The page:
32 weeks pregnant with twins
At week 32, our scan showed the TAPS had progressed although not as before. This time our recipient was suffering more than our donor. My MFM team wanted to deliver in the next two days but there were no NICU beds available for our babies. We were again sent to Mater where the decision was made to do a second in utero transfusion. This time the procedure was done in theatre with an epidural due to the risk of early labour. The procedure was again a success and I was sent home the next day with the hopes that we could get to 34 weeks. At this point, any day that the twins were inside my belly and growing was a good day.
33 weeks pregnant with twins
At 33+2 weeks gestation, on a Saturday night, my waters for my twins with TAPS broke. We rushed to hospital and as I was not showing any other signs of labour. I was admitted and then given antibiotics over the next few days. Upon admission I was swabbed for infections as standard which came back negative. In the days after my admission, there was much confusion about what to do with me as labour was imminent and there were still no NICU beds for my babies. I was devastated. At one point a c-section was booked by a doctor who completely overlooked my case. It was only when I flagged the twins with TAPS to another doctor that the decision was made to transfer me to Mater Mother’s Hospital for consultation and delivery.
On Tuesday 13th June, I was admitted to Mater Mother’s at 33+5, and the MFM team were immediately consulted. They made the decision to go ahead with a c section at 34 weeks which meant I only had to wait 2 days to meet my girls. The next day, on Wednesday 14th June at 33+6, I had a scan in MFM where it was confirmed that only baby B’s sac had ruptured. Both babies were looking good with normal movements, dopplers, blood flow and heart rates.
Giving birth to twins with TAPS at 33 + 6
Just a few short hours later, it was discovered during a routine CTG that baby B was in distress. Her heart rate was elevated and did not come down over the two hours I was on the CTG. All of a sudden I had nurses wheeling in fluids and midwives and doctors surrounding my bed. It was a complete blur but it was decided the babies needed to be delivered immediately. I burst into tears.
My husband was at home on the Gold Coast getting a good night’s sleep in preparation for the c section the next day and he would not arrive in time for the birth. Within minutes I was in a gown, and being whisked away to theatre. Everyone was across our case and the neonatal team were ready to go. After a brief chat with the doctors, midwives and pain team, I was having my spinal block. My requests: my birthing playlist of my favourite songs and that hubby could be let in when he arrived to follow the babies to NICU.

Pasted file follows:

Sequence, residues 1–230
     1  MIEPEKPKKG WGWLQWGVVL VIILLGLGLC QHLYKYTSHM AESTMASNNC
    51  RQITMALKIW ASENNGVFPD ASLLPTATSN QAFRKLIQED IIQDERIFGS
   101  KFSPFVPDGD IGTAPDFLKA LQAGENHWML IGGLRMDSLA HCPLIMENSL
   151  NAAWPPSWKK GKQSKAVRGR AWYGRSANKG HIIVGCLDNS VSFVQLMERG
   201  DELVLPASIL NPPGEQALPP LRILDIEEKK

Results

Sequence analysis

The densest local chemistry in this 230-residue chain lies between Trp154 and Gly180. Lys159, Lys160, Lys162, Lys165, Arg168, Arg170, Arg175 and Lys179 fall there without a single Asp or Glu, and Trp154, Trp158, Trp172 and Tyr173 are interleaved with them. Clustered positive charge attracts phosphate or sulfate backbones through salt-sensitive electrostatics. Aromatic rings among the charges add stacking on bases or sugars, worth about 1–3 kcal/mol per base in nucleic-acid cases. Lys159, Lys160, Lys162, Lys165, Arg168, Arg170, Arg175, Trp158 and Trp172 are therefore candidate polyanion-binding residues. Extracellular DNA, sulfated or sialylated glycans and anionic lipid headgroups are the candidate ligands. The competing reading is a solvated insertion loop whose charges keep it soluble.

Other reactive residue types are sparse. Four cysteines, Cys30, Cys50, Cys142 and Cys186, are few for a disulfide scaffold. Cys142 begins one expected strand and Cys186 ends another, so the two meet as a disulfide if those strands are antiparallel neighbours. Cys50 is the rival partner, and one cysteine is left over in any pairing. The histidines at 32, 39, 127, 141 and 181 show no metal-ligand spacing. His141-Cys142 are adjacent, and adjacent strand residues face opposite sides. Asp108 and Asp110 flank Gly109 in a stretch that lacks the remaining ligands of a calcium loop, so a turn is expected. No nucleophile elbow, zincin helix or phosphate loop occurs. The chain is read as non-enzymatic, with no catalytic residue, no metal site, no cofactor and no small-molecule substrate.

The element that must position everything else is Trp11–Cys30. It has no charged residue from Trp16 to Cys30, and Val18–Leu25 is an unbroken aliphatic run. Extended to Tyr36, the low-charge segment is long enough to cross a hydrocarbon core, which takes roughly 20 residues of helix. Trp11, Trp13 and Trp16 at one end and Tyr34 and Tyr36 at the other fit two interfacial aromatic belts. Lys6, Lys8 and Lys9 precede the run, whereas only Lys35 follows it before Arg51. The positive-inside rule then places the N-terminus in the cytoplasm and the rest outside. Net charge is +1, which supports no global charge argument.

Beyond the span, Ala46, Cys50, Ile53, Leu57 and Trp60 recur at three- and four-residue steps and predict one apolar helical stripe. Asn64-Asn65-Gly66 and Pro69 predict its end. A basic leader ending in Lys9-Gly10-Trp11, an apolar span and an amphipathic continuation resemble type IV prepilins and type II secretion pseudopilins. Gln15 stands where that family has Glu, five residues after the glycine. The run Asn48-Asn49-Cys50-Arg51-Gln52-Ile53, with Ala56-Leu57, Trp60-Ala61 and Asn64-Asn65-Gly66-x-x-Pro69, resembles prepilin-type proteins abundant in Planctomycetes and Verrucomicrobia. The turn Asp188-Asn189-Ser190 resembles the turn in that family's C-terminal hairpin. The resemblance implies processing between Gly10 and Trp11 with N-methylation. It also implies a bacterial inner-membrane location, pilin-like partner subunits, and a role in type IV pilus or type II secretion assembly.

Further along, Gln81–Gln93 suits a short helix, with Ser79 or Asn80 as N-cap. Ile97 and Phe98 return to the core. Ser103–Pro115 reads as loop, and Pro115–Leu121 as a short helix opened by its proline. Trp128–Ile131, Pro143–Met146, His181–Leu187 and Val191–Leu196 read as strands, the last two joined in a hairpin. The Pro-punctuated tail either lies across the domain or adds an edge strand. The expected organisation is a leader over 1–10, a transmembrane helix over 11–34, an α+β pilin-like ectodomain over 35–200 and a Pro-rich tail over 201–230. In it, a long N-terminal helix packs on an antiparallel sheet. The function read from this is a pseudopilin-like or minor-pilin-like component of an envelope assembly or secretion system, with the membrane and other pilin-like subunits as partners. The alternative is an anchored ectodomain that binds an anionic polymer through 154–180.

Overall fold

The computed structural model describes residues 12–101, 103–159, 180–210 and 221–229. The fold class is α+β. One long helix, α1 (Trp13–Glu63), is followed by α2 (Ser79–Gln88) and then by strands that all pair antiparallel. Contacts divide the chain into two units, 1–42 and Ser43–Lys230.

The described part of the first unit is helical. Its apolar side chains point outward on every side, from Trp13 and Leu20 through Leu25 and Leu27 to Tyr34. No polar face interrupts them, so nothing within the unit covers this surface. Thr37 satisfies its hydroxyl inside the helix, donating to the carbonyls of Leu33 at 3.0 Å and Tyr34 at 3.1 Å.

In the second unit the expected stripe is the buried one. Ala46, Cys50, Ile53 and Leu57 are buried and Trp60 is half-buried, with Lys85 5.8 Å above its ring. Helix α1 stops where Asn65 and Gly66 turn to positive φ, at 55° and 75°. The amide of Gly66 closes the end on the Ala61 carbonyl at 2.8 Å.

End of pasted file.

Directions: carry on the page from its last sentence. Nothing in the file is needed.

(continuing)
Time seemed to stop as I tried to wrap my head around what just happened and that I was about to meet my girls. I was terrified and all I wanted was to see and hear them cry. The first to be born was little baby B, Wilhelmina. She had the sweetest cry. Within seconds, baby A, Poppy was born, also crying immediately. They were tiny, weighing only 1740g and 1897g. My husband arrived in time to see the babies being cleaned up and was able to escort them to NICU.
I got to meet my babies after recovery. They looked so fragile in their isolettes. They didn’t really feel like “mine” yet.
Twins with TAPS – Our NICU journey
The days that followed were a blur of pain, confusion and devastation. We found out a couple of days after the babies were born that I acquired an e-coli infection through the course of my hospital stay. This infection spread to my placenta. Baby B / Twin 1’s sac ruptured due to the second in-utero transfusion and she contracted the e-coli infection. They attempted multiple lumbar punctures to test for meningitis which were unsuccessful.
We had to make the decision to treat as if she had meningitis and she had a long line inserted in her arm for 3 weeks of antibiotics. She also needed breathing support for almost 2 weeks. Baby A / Twin 2 was unaffected by the e-coli infection. She came off breathing support at 3 days old. Due to the in-utero transfusions, both babies’ hemoglobin levels were normal and neither needed a transfusion. After 10 days, we were transferred from The Mater NICU to GCUH Special Care Nursery.
The girls spent an additional 16 days in special care
The girls stayed for another 16 days in special care before we could take them home. They are now 4 ½ months old and absolutely thriving. So far the only issue that we are facing is that Poppy (our TAPS donor) has a mild permanent hearing loss (SNHL) in her right ear which is likely related to TAPS. Research for TAPS and its lasting effects is still needed but It’s thanks to the Drs at both GCUH and Mater Mother’s Hospitals that our beautiful girls are here, hitting milestones and kicking goals.